Ready to commit part of your family’s food budget to buying local and supporting small farmers? Here’s how to shop like a pro:
LEAVE THE LIST AT HOME. If you’re a planner, by all means have a sense of what you’ll need for the next week’s dinners. But be spontaneous. Put at least one meal together from what you discover that day at the market. Serendipity and discovery are joys of market shopping.
BRING A TOTE. “Come with a market bag, so it’s not an additional expense for the person who’s working hard to bring their very best to you,” says Anderson market manager Nancy Downs.
TALK WITH THE FARMERS. Ask when the corn was picked. Ask how the beef cattle were raised. Ask the difference between a Beefsteak and a Mortgage Lifter tomato. “We want growers who can talk about how they grow what they grow,” says Hyde Park market co-founder Mary Ida Compton. “Part of what we do is education for the patrons of the market. We want those conversations to be happening.“
TRY SOMETHING NEW. Kale wasn’t trendy until all of us non-kale-eaters decided to give it a try. Ditto Swiss chard, purple tomatoes, and garlic scapes. Somebody’s gotta love kohlrabi.
UNDERSTAND WHAT YOU’RE PAYING FOR. Heirloom tomatoes, grass-fed beef, free-range eggs: They may be more expensive at a farmers’ market than at a big-box retailer. They’re also fresher and raised more carefully. “People need to understand that you’ll pay more at a farmers’ market,” Downs says. “But the question is, ‘What are you paying for?’ You’re paying someone who’s putting their labor-intensive costs into their product, whether it’s a farmer or a cottage producer.”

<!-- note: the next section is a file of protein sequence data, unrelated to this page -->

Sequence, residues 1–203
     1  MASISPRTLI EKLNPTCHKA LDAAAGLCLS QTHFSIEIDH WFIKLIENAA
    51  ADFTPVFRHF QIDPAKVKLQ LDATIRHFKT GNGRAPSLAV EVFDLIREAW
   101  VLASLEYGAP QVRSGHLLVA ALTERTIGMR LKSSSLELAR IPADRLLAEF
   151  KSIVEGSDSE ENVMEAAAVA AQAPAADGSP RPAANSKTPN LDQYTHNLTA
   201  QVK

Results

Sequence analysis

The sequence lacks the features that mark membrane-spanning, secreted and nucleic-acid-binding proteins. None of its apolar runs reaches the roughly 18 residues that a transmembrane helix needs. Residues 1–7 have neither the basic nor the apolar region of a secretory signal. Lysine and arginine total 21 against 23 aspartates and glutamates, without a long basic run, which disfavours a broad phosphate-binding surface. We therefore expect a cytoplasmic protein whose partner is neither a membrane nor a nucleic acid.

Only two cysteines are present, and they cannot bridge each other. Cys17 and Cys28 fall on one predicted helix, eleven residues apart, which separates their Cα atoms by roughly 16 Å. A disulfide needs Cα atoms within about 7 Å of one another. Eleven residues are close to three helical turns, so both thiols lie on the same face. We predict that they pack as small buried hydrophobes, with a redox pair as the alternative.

LOOK FOR BARGAINS. It’s poor form to haggle with farmers. But ask about bulk pricing or discounts on blemished tomatoes, soft strawberries, and bruised peaches, all great for canning.
ENJOY THE ADVENTURE. The shopping experience these days, whether you’re at a grocery store or a department store, is boring. The mix of merchandise is pretty much the same at every store. Not so at farmers’ markets. Each market has its own mix of farmers, product categories, and offerings.
BRING KIDS & DOG. But be mindful of said kids & dog. On crowded days, strollers and leashes can be traffic hazards.
Ready to head out to the markets? Head to the Find Your Market page for a list of neighborhoods that host farmers markets – there's one every day of the week!
Bryn’s long career in publishing took a left turn sometime around 2010, when she discovered the joy of food writing. Since then, she’s found professional nirvana as the editor of Edible Ohio Valley, author of The Findlay Market Cookbook, and occasional instructor at The Cooking School at Jungle Jim’s. Find her seasonal recipes at writes4food.com.